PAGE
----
Workstations can be equipped with multiple GPUs to handle a variety of DfAM tasks. For example, the Dell Precision 3000, 5000 and 7000 series of fixed workstations and mobile workstations can all be configured with NVIDIA GPUs. They are also certified for use with popular design engineering software packages.
“Dyndrite's geometry kernel is purpose-built to use every bit, flop, register and clock cycle of the latest NVIDIA GPU,” said Shawn Hopwood, Dyndrite’s chief marketing officer. Thank's to NVIDIA's GPGPU programming paradigm, CUDA, Dyndrite can run all the computations of its kernel on the GPU. Though Dyndrite minimally needs a Maxwell architecture to run, the latest Turing line computes 5-15x faster over the Maxwell line for Dyndrite's CAD to Print workflows.
Another additive manufacturing startup is Atlas 3D. Its thermal circuit network simulation process can work with either GPUs or CPUs. The product—Sunata—simulates the build process to find the optimal orientation for printing and automatically generates support structures. Chad Barden, CEO of Atlas 3D, says the CPU-based Sunata can calculate 100 orientations using thermal distortion faster than most competing solutions can simulate distortion on one orientation. The new GPU version, Barden tells DE, is “20 times faster than the CPU version.”
“What we see is that in order to industrialize and use the (additive manufacturing) technology in higher volume production scenarios, we need to do a few things to get it right,” Ravi Shankar, director of global simulation product marketing for Siemens PLM Software, tells DE. “One critical area is to do what we call first-time-right print. Typically, companies attempt to print a part multiple times at a high cost before they actually achieve an acceptable result. That is delaying the transition of what is a very exciting technology into real production scenarios.”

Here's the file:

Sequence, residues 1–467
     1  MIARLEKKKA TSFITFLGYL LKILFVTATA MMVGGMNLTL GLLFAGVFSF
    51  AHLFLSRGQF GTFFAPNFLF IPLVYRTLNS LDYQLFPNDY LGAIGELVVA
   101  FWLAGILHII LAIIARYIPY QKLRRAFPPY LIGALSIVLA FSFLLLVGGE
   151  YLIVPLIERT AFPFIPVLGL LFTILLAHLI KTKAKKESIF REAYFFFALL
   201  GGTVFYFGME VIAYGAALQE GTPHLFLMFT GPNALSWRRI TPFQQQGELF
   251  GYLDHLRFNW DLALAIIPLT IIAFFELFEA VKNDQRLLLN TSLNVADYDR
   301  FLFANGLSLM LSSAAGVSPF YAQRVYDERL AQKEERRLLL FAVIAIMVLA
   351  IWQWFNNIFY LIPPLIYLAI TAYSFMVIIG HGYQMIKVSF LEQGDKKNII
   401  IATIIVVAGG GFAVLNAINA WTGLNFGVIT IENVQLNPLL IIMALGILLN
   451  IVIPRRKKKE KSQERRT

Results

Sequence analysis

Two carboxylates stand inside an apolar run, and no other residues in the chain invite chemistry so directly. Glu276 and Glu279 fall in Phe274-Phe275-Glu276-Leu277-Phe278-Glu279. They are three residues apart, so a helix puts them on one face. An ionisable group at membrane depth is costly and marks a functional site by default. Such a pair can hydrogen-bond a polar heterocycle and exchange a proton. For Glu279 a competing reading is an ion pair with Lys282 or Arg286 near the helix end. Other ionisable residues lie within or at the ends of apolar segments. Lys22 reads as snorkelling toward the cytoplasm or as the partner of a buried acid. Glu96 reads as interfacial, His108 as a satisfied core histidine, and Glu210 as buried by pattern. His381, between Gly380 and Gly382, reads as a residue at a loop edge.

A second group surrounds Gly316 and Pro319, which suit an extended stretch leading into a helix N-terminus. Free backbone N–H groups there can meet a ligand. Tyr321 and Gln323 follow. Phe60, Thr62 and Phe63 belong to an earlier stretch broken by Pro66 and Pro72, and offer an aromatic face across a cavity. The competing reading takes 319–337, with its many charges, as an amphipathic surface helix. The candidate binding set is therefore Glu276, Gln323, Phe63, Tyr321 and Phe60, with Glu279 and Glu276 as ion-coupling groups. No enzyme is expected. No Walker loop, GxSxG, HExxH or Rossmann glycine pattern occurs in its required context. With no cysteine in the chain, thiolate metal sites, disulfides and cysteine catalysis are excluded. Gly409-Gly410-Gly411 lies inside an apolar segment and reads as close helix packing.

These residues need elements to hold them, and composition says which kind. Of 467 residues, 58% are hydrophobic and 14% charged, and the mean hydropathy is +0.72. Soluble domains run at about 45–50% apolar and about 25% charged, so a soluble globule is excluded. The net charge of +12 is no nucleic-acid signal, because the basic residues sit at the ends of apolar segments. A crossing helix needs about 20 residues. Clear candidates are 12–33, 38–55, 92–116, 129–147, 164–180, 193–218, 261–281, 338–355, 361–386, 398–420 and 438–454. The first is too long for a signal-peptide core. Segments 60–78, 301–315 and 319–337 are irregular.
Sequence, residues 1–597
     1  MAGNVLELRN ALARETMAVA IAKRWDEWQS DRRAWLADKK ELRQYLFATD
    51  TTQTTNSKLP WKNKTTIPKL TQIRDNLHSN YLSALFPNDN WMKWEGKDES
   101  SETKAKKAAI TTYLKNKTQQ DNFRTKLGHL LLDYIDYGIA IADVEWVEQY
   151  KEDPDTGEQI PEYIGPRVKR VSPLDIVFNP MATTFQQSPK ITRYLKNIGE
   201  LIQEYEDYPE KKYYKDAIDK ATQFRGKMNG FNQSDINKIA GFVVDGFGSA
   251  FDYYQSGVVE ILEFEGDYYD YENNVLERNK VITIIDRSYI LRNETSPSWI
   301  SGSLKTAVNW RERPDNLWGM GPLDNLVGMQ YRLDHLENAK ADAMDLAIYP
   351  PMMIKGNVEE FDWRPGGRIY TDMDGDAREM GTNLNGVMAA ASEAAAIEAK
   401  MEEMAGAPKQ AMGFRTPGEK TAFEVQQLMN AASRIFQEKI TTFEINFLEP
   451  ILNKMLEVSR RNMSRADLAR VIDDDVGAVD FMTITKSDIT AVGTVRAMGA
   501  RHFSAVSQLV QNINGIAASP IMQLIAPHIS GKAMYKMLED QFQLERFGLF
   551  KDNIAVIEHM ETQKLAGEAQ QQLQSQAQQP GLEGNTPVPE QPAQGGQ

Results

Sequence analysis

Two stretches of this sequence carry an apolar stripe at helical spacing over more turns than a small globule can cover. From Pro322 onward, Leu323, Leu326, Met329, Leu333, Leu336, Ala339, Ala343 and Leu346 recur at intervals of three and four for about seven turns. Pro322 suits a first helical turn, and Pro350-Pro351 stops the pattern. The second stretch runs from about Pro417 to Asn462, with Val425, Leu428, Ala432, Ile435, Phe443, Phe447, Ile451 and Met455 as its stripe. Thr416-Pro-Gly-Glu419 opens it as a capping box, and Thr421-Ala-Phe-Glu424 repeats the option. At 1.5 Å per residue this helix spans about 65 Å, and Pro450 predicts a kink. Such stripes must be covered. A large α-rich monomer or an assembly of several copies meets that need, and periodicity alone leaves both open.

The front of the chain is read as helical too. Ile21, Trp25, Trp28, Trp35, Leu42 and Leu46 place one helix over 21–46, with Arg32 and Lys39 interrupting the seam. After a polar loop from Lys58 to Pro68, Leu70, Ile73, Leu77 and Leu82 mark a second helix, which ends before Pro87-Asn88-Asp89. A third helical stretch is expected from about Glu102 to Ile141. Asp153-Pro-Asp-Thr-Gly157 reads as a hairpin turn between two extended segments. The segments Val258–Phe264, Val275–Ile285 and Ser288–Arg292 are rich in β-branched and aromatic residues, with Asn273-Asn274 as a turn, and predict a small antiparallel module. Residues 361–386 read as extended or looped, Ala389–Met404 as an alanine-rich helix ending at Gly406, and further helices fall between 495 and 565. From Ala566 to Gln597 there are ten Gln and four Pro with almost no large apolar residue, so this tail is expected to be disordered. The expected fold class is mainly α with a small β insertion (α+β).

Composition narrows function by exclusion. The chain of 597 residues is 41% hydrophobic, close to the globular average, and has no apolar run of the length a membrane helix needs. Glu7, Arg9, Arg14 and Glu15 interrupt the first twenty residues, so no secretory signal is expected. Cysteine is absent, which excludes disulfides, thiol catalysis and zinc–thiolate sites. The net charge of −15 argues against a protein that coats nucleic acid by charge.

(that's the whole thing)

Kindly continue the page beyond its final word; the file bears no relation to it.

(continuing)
That affects what is traditionally thought of as a strength of 3D printing, as opposed to traditional manufacturing: material waste. However, 3D printing still has a higher amount of scrap than traditional manufacturing. In addition to material cost, additive manufacturing systems energy costs and the labor required to load, monitor and maintain them all add up.
“A number of factors complicate minimizing the cost of additive manufacturing, including build orientation, envelope utilization, build time, energy consumption, product design, and labor,” according to NIST’s Costs and Cost Effectiveness ofAdditive Manufacturing. “The simple orientation of the part in the build chamber can result in as much as 160% increase in the energy consumed. Additionally, fully utilizing the build chamber reduces the per-unit cost significantly.”
Being able to visualize the additive manufacturing process and optimize its many variables via DfAM software and techniques will further increase the rate of adoption in additive manufacturing.